London Mayor Boris Johnson’s new Vision for Cycling has won widespread praise for its ambition of making London streets more inviting for people on bikes, following the successes of cities like Amsterdam and Copenhagen. Jack Thurston is joined by three cycling activists for a look at the details and to share their views on what really needs to be done to make London a safer and more pleasant place to ride a bike. Featuring Trevor Parsons, coordinator of Hackney Cyclists, blogger Mark Treasure and bike poloist, blogger and former bike messenger Buffalo Bill Chidley
As another cyclist is killed by a lorry in central London, Jack Thurston asks whether it’s time to take a harder line to make the city’s streets safer. Featuring Cynthia Barlow of RoadPeace, former bike messenger Bill Chidley and Mike Cavenett of the London Cycling Campaign, which has recently proposed a new design for lorries working in London.
Find out what – if anything – your borough is doing to make roads safer for cyclists.
Plus news of Jack’s new book, Lost Lanes: 36 Glorious Bike Rides in Southern England.
Today, in an evidence session before Parliament, Chris Boardman said Britain’s 2012 Olympic legacy should be a return to the levels of cycling last seen in 1948, the previous time Britain hosted the Olympic Games. It’s an appealing proposition, and more so if accompanied by a return to 1948 style on two wheels. Check out Eileen Sheridan, a star cyclist of the time, in action:
Apart from being more stylish, what was cycling like back in 1948? A couple of graphs tell the story very well. 1948 was one of the final years in which British people rode more miles by bike than they drove by car:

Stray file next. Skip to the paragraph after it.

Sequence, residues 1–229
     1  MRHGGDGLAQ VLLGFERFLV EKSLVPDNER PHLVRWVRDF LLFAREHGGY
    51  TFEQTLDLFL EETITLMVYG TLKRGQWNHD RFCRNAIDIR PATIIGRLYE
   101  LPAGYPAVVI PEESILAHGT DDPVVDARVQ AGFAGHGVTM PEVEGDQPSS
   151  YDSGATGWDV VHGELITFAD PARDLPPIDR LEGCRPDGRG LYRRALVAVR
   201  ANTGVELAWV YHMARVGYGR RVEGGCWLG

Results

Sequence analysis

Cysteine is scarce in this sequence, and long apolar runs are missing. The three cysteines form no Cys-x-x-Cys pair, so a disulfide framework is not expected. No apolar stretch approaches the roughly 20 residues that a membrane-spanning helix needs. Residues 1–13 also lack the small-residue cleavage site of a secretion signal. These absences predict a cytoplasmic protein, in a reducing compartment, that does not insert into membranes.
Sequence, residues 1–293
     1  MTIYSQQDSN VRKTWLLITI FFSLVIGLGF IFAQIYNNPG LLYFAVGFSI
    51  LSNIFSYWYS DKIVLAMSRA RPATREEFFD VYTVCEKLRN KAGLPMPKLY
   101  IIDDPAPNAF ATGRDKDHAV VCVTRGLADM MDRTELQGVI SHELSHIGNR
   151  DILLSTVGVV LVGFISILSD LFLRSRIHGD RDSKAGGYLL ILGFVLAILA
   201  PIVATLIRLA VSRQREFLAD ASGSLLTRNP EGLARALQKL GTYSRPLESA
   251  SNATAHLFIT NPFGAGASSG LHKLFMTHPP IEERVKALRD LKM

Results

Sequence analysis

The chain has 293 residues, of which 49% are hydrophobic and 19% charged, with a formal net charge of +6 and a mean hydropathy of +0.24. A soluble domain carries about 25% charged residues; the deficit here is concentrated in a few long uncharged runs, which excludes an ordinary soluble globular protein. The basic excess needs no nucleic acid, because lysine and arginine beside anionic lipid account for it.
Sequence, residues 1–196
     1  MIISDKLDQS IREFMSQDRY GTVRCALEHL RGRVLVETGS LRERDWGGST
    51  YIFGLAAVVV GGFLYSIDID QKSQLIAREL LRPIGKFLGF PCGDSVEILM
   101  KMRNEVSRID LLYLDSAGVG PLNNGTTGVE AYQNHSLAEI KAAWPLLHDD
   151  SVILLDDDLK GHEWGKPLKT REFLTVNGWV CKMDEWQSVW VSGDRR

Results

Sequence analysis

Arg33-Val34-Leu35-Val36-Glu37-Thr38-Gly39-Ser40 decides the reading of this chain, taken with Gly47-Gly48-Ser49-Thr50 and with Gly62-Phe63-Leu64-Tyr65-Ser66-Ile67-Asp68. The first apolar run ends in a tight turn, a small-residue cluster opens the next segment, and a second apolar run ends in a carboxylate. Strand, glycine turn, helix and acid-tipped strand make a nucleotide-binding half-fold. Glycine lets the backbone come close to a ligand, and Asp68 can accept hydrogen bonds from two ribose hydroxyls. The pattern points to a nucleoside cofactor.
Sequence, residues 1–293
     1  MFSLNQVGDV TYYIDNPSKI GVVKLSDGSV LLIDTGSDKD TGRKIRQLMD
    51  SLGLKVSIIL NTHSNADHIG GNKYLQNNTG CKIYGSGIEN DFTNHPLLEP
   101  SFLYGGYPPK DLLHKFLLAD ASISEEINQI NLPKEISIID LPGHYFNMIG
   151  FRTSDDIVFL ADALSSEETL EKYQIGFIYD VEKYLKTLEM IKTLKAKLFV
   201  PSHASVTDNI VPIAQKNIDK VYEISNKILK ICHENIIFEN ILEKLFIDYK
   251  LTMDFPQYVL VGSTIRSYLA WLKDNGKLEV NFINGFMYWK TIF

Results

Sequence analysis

Not so long after 1948 began the great extinction of cycling in Britain, in tandem (excuse the pun) with the nation’s blossoming love affair with the motor car:
The two trends cannot be separated. The more cars there are on the roads, the less viable those roads are for everyday cycling. We’ll never construct a whole parallel network of cycling-only, but taking away carriageway space on busier roads and setting it aside for cyclists is an essential step towards a rehabilitation of two-wheeled travel, as is reducing speeds and volumes of motorised traffic wherever this can be done. Encouraging cycling is a hopeless task without taking serious steps to tame the car. And that’s what’s needed if we’re to turn the clocks back to 1948.
Grant Petersen thinks most cyclists need to ‘unrace themselves’, that is to say, stop following what professional racing cyclists do. Instead we should all ride more comfortable bikes in more comfortable clothes and be more relaxed about the whole experience. He’s written a book called Just Ride: A Radically Practical Guide to Riding Your Bike and, in an extended interview, he tells Jack Thurston exactly what he means.
A trip to the Danish capital of Copenhagen, city of stylish cyclists, where Jack Thurston meets Mikael Colville-Andersen, the force behind Cycle Chic and Copenhagenize. We talk about how a single street photograph set him on a new path of bicycle advocacy, fashion and city planning consulting. And lots and lots of blogging.
Bike blogger Mark Ames joins Jack and Jen to talk about this week’s elections for London Mayor. Is there a cycling vote? Which candidate is best? Views from blogger Danny Williams, journalist Sonia Purnell, Julian Sayerer of Londoners on Bikes and Mustafa Arif of the London Cycling Campaign
Photo by Mark Ames
Tomorrow’s the London Cycling Campaign Big Ride, which aims to be the biggest ever mobilisation of cyclists (and pedestrians and rollerstakters) on the streets of London. There are feeder rides from every corner over the capital, read about them here.
If you want to join a probably small but perfectly formed Bike Show peloton, then join us for a gentle roll into town, with a cafe stop en route and a pint and a bite afterwards. There’s too much fussin’ and fightin’ on the streets of this city. To bring a little peace and harmony we’ll meet at the wonderful Buddhist Peace Pagoda by the River Thames in Battersea Park, at 10am.
If you’re coming, let us know in the comments. Or over on Facebook.